These two fragments, one of which is known as King Doniert’s Stone, are the only surviving examples of 9th century stone crosses in Cornwall.
The inscription on King Doniert’s Stone, bearing the name of a Cornish king, is the only such cross to feature a character known also from documentary sources.
History of Dumnonia
Cornwall, like Ireland and Scotland, lay on the fringe of the Roman world, and there are few signs of Roman influence in the region.
The name the Romans used to denote this territory in the south-west was Dumnonia.
Following the collapse of Roman rule at the beginning of the 5th century AD, much of eastern Britain fell under the control of Saxon invaders; however, Dumnonia, which included Devon and parts of Somerset as well as Cornwall, remained an independent kingdom for several centuries.
Historical and archaeological evidence for this period is scant, but it was during this time that Christianity was first brought to Cornwall by Welsh and Irish monks.
The early missionaries are thought to have set up wooden crosses to proclaim the victory of Christ in the places where they preached: in time these sites became sanctified, and stone crosses were erected in place of the older wooden ones.
Description of the stone
King Doniert’s Stone may be the base of one such cross and the taller broken shaft alongside it is probably another.
King Doniert’s Stone stands about 4 feet 6 inches (1.37 metres) high, and is decorated on three of its faces with interlaced ornament of a style common throughout Britain.
The upper end of the stone has a deep mortice in the top to take an upper shaft or cross head. The east face bears a weathered inscription which reads Doniert rogavit pro anima (‘Doniert has asked [for this to be made] for his soul[’s sake’]).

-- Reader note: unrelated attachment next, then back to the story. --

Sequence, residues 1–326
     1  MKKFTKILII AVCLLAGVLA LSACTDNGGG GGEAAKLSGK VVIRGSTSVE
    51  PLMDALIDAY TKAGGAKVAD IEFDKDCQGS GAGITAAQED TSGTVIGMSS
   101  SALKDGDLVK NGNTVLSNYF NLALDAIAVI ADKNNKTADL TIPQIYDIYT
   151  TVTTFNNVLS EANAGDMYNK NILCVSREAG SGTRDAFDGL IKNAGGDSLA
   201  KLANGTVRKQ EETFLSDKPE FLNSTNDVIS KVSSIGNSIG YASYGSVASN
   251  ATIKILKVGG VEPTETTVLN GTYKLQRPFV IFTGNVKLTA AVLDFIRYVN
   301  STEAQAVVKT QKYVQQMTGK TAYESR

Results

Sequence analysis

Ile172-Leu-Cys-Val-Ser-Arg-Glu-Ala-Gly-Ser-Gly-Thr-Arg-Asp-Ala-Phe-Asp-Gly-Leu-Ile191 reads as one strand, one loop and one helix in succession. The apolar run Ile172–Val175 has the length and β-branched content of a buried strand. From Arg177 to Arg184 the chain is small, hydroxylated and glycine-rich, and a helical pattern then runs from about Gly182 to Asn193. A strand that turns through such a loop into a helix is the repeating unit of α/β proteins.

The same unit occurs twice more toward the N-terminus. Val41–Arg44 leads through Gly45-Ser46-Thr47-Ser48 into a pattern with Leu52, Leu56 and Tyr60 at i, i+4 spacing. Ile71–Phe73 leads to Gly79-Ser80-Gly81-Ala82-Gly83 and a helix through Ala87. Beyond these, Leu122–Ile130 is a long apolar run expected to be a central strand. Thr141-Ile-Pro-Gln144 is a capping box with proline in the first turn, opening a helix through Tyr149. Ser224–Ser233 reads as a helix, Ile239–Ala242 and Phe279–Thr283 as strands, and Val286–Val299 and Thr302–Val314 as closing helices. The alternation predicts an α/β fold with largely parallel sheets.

The clue to Doniert’s identity lies in a passage in the early Welsh chronicle known as the Annales Cambriae, which names a king of Dumnonia called Dumgarth (or Dwingarth). He is recorded as having drowned in the sea in about AD 875.
The southern cross-shaft fragment is taller, about 7 ft (2.1m) high, and one face has a panel of interlaced decoration. Excavations have revealed an underground rock-cut passage that starts to the south-east of the crosses and terminates in a cross-shaped chamber beneath the two stones. The relationship between the underground chamber and the crosses has yet to be explained.
The stones appear in antiquary John Norden’s 'Description of Cornwall'.
Courtney, R A 1997. 'The Cornish Cross: Its Pagan Origins', Penzance: Oakmagic
Langdon, A 1988. 'Old Cornish Crosses', Exeter: Cornwall Books
The text and pictures on this page are derived from the 'Heritage Unlocked' series of guidebooks published in 2004. We intend to review, update and enhance the content in the near future as part of the Portico project, whose objective is to provide information on the history, significance, research background and sources for all English Heritage properties.